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Switzerland
12.08.16
Urgent Interventions

Authorities should not authorize extradition of Ms. Nekane Txapartegi to Spain

Geneva - 12 August 2016. Swissauthorities should not authorize the extradition of Ms. Nekane Txapartegi, aSpanish woman suspected of collaborating in the 90s with Euskadi Ta Askatasuna (ETA), as her conviction appears to be basedon information obtained under torture.

Accordingto the information received, Ms. Nekane Txapartegiwas arrested in Zurich on 6 April 2016 following an extradition requestissued by the Spanish authorities on 25 May 2015, after she fled her country in2007. She has been living in Switzerland for the last seven years. Ms.Txapartegi was sentenced to 6 years and 9 months in prison in 2007 forcollaboration with a criminal organization (ETA). Strong evidence indicatesthat Ms. Txapartegi was tortured to extract self-incriminating statementsleading to her conviction.

Accordingto the same information received, on 9 March 1999, Ms. Txapartegi wasapprehended by the Spanish Guardia Civil(Civil Guard) and held for five days in incommunicado detention. During the 120hours in custody, she was subjected to brutal acts of torture including rape bymutiple perpetrators, beatings, suffocation through plastig bags, threats of electricshocks, sleep deprivation, forced nudity and a mock execution.

Despitethe existence of solid evidence including eyewitness testimony and medicalreports identifying multiple injuries and psychological sequelae consistentwith torture, information extracted during the period of incommunicadodetention was used as a key piece of evidence to convict her. In addition, thecomplaint of torture lodged by Ms. Txapartegi was shelved without previouslyquestioning the vast majority ofsuspects.

Spainhas been condemned on numerous occasions over the last years by internationalhuman rights bodies for the use of incommunicado detention and the lack ofprompt, effective and independent investigations into acts of torture, inparticular in the framework of the fight against ETA. The European Court onHuman Rights has ruled against Spain on seven occasions for breaches of article3 of the Convention (prohibition of torture and inhuman or degradingtreatment), the last one being the case XabierBeortegui Martínez v. Spain (judgment of 31 May 2016).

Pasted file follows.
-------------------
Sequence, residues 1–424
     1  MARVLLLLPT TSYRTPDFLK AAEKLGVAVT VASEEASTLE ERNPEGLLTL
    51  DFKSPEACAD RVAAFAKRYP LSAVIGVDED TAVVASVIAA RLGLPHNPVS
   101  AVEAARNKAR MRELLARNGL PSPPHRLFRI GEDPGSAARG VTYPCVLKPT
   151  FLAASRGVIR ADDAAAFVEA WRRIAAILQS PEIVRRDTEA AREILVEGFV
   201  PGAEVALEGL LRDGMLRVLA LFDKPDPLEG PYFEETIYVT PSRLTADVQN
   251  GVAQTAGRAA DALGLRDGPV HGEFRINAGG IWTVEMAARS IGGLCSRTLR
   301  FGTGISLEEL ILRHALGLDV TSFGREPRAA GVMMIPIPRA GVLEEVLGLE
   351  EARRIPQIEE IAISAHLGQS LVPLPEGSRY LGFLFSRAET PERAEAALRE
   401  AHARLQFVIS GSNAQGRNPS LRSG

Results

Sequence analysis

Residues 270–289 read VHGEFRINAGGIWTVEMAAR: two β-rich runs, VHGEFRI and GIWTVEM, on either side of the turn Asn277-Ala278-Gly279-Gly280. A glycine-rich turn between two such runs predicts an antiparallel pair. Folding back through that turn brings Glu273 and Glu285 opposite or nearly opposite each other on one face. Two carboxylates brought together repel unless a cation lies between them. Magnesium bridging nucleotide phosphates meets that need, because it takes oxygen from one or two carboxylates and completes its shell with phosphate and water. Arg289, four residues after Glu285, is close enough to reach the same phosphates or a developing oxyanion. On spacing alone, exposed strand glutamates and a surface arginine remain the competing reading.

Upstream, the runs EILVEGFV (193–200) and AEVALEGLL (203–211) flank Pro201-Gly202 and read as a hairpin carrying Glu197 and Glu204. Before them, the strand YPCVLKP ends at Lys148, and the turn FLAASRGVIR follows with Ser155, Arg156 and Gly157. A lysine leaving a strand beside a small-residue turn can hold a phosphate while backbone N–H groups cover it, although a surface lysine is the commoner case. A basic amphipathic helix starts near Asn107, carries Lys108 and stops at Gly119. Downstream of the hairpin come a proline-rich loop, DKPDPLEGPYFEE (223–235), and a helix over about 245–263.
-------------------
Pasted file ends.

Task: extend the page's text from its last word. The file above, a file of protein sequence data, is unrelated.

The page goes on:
Internally,the existence of torture has been acknowledged by former high ranking officialsof the Guardia Civil and judges, such as Mr.José Ricardo de Prada, magistrate of the National High Court (Audiencia Nacional), who in a publicevent on 24 April 2016 deplored the lack of thorough investigations into graveallegations of torture. However, torture remains tabooin the country and the authorities continue to fail to implement the judgementsand recommendations issued by international mechanisms, as already denounced by the OMCT on previous occasions.

Accordingto the preliminary findings, made public in June 2016,of a report commissioned by the Basque regional Government to the University ofthe Basque Contry-Basque Institute of Criminology, which includes forensic,documentary and testimonial evidence, more than 4'000 people were tortured inthe Basque Country between 1960 and 2013, particularly detainees held underincommunicado detention in connection with terrorist-related investigations. Ms.Txapartegi appears on the database as one of the victims identified in thestudy and, according to the forensic experts in charge of the report, theallegations and symptoms in her case are highly consistent with those oftorture victims.

Ms.Txapartegi is currently held in the Prison of Zurich awaiting extradition toSpain, the case is being reviewed by the Swiss Federal Office of Justice whowill render a decision in the coming days.

TheInternational Secretariat of the OMCT calls on the Swiss authorities to upholdthe absolute prohibition of torture in accordance with international humanrights law, in particular the UN Convention against Torture and Other Cruel,Inhuman or Degrading Treatment or Punishment (CAT Convention), by conducting anin-depth investigation to ascertain whether it is likely that Ms. Txapartegiwas tortured to obtain a confession. If so, in accordance with Swissextradition rules, the extradition request should be refused, as the criminalproceeding abroad would be compromised by the non-observance of theexclusionary rule of evidence obtained under torture (article 15 of the CATConvention) and, subsequently, would not meet the basic due process and fairtrial standards, in contravention with articles 6 of the European Convention onHuman Rights and article 14 of the International Covenant on Civil andPolitical Rights. Subsidiarily, extradition should be made subject to thecondition of a retrial where torture allegations are investigated thoroughly,the exclusionary rule is upheld and the fairness of the proceeding is ensured.

For further information, please contact:

OMCTInternational Secretariat: Helena Solà Martín (hs@omct.org, +41 22 80949 39) / Lori Brumat (lb@omct.org, +41 22 80949 39)

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